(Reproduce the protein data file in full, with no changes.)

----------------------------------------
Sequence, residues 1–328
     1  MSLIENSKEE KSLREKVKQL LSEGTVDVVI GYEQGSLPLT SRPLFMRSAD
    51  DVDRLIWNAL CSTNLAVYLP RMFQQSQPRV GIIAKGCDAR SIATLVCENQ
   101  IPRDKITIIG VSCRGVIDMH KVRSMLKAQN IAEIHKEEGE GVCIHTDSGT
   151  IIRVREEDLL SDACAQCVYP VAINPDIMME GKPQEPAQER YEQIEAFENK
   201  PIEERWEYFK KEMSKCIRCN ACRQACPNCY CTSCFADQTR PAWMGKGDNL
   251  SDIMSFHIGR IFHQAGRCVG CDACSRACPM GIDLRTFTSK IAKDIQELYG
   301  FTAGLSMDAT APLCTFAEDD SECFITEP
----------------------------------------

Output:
Sequence, residues 1–328
     1  MSLIENSKEE KSLREKVKQL LSEGTVDVVI GYEQGSLPLT SRPLFMRSAD
    51  DVDRLIWNAL CSTNLAVYLP RMFQQSQPRV GIIAKGCDAR SIATLVCENQ
   101  IPRDKITIIG VSCRGVIDMH KVRSMLKAQN IAEIHKEEGE GVCIHTDSGT
   151  IIRVREEDLL SDACAQCVYP VAINPDIMME GKPQEPAQER YEQIEAFENK
   201  PIEERWEYFK KEMSKCIRCN ACRQACPNCY CTSCFADQTR PAWMGKGDNL
   251  SDIMSFHIGR IFHQAGRCVG CDACSRACPM GIDLRTFTSK IAKDIQELYG
   301  FTAGLSMDAT APLCTFAEDD SECFITEP